Finding out if I’m overscheduled

If you’re anything like me, your task list is long and growing, but
the time you have is just as fixed. How do you manage that? I handle
that problem by looking at my calendar and my task list together when
I’m planning my day. I tend to be too optimistic about my tasks,
trying to schedule more into my day than I should. Fortunately, Emacs
can help me make sure I don’t overcommit. Here’s how it works.

When I create and schedule tasks, I try my best to add time estimates.
The numbers in the TODO headline represent minutes.

* TODO 15 Announce tea party
  SCHEDULED: <2007-12-08 Sat>
* DONE 30 Drop letters off at post office
  SCHEDULED: <2007-12-08 Sat>
* TODO 60 Write blog post about tasks
  SCHEDULED: <2007-12-08 Sat>
* TODO 60 Make book notes
  SCHEDULED: <2007-12-09 Sun>
* TODO 30 Start on my letter for 2007
  SCHEDULED: <2007-12-08 Sat>
* TODO 60 Follow up with DemoCamp contacts
  SCHEDULED: <2007-12-08 Sat>
  DEADLINE: <2007-12-09 Sun>
* TODO 60 Respond to mail
  SCHEDULED: <2007-12-08 Sat>

Then my custom agenda view looks like this:

Day-agenda:
Saturday   8 December 2007
  6:00......  --------------------
  8:00......  --------------------
 10:00......  --------------------
 12:00......  --------------------
 14:00......  --------------------
 14:00-17:15  Scheduled:  TODO Take another driving lesson - emergency stuff
 16:00......  --------------------
 18:00......  --------------------
 20:00......  --------------------
 22:00......  --------------------
              In   1 d.:  TODO 60 Follow up with DemoCamp contacts
              Scheduled:  TODO 15 Announce tea party
              Scheduled:  TODO 60 Write blog post about tasks
              Scheduled:  TODO 30 Start on my letter for 2007
              Scheduled:  TODO 60 Follow up with DemoCamp contacts
              Scheduled:  TODO 60 Respond to mail
              In 937 d.:  101 things in 1001 days
62.7% load: 225 minutes to be scheduled, 359 minutes free, 134 minutes gap

I’ll need to figure out over the next few weeks what kind of a load
threshold is good (you really don’t want to try for 100%), but at
least it’s visible!

(setq org-agenda-custom-commands
      '(("i" "My agenda"
         ((org-agenda-list nil nil 1)
          (sacha/org-load)))
        ;; ... other stuff goes here
      ))

(defun sacha/org-show-load ()
  "Show my unscheduled time and free time for the day."
  (interactive)
  (let ((time (sacha/org-calculate-free-time
               ;; today
               (calendar-gregorian-from-absolute (time-to-days (current-time)))
               ;; now
               (let* ((now (decode-time))
                      (cur-hour (nth 2 now))
                      (cur-min (nth 1 now)))
                 (+ (* cur-hour 60) cur-min))
               ;; until the last time in my time grid
               (let ((last (car (last (elt org-agenda-time-grid 2)))))
                 (+ (* (/ last 100) 60) (% last 100))))))
    (message "%.1f%% load: %d minutes to be scheduled, %d minutes free, %d minutes gap"
            (/ (car time) (* .01 (cdr time)))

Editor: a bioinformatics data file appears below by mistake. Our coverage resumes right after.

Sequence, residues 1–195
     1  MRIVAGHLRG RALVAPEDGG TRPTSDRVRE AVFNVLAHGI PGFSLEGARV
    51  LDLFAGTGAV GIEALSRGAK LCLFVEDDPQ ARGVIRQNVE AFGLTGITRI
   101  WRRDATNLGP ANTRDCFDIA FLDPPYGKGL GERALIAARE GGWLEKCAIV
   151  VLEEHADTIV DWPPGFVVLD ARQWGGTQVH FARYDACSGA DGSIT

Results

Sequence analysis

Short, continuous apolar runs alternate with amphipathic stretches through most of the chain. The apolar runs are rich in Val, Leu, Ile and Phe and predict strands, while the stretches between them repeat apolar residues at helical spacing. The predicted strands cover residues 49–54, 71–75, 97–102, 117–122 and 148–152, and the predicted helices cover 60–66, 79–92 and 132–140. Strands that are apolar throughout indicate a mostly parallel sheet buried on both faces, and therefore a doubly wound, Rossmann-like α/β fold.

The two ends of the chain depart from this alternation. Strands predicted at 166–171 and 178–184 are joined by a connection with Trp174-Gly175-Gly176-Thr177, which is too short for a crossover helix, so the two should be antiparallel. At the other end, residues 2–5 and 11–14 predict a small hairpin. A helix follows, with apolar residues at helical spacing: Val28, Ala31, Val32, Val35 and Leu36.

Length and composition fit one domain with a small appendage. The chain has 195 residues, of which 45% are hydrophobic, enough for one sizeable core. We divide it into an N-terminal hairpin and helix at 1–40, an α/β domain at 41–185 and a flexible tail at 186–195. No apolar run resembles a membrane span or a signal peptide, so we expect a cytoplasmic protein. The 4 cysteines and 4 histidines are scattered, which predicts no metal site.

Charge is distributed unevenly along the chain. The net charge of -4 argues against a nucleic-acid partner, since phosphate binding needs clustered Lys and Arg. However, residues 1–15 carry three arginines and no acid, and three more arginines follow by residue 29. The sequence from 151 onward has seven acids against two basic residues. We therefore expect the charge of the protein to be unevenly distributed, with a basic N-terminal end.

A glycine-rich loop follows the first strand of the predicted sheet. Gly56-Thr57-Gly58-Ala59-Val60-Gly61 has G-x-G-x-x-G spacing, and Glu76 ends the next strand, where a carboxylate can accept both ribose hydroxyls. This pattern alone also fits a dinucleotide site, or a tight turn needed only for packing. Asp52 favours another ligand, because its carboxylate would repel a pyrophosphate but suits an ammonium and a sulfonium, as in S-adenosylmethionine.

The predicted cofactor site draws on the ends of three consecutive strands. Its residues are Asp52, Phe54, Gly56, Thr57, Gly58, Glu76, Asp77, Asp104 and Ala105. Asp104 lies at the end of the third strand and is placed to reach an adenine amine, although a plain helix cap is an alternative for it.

(car time)
            (cdr time)
            (- (cdr time) (car time)))))

(defun sacha/org-load (match)
  "Can be included in `org-agenda-custom-commands'."
  (let ((inhibit-read-only t)
        (time (sacha/org-calculate-free-time
               ;; today
               (calendar-gregorian-from-absolute org-starting-day)
               ;; now if today, else start of day
               (if (= org-starting-day
                      (time-to-days (current-time)))
                   (let* ((now (decode-time))
                          (cur-hour (nth 2 now))
                          (cur-min (nth 1 now)))
                     (+ (* cur-hour 60) cur-min))
                 (let ((start (car (elt org-agenda-time-grid 2))))
                   (+ (* (/ start 100) 60) (% start 100))))
                 ;; until the last time in my time grid
               (let ((last (car (last (elt org-agenda-time-grid 2)))))
                 (+ (* (/ last 100) 60) (% last 100))))))
    (goto-char (point-max))
    (insert (format
             "%.1f%% load: %d minutes to be scheduled, %d minutes free, %d minutes gap"
             (/ (car time) (* .01 (cdr time)))
             (car time)
             (cdr time)
             (- (cdr time) (car time))))))

(defun sacha/org-calculate-free-time (date start-time end-of-day)
  "Return a cons cell of the form (TASK-TIME . FREE-TIME) for DATE, given START-TIME and END-OF-DAY.
DATE is a list of the form (MONTH DAY YEAR).
START-TIME and END-OF-DAY are the number of minutes past midnight."
  (save-window-excursion
  (let ((files org-agenda-files)
        (total-unscheduled 0)
        (total-gap 0)
        file
        rtn
        rtnall
        entry
        (last-timestamp start-time)
        scheduled-entries)
    (while (setq file (car files))
      (catch 'nextfile
        (org-check-agenda-file file)
        (setq rtn (org-agenda-get-day-entries file date :scheduled :timestamp))
        (setq rtnall (append rtnall rtn)))
      (setq files (cdr files)))
    ;; For each item on the list
    (while (setq entry (car rtnall))
      (let ((time (get-text-property 1 'time entry)))
        (cond
         ((and time (string-match "\\([^-]+\\)-\\([^-]+\\)" time))
          (setq scheduled-entries (cons (cons
                                         (save-match-data (appt-convert-time (match-string 1 time)))
                                         (save-match-data (appt-convert-time (match-string 2 time))))
                                        scheduled-entries)))
         ((and time
               (string-match "\\([^-]+\\)\\.+" time)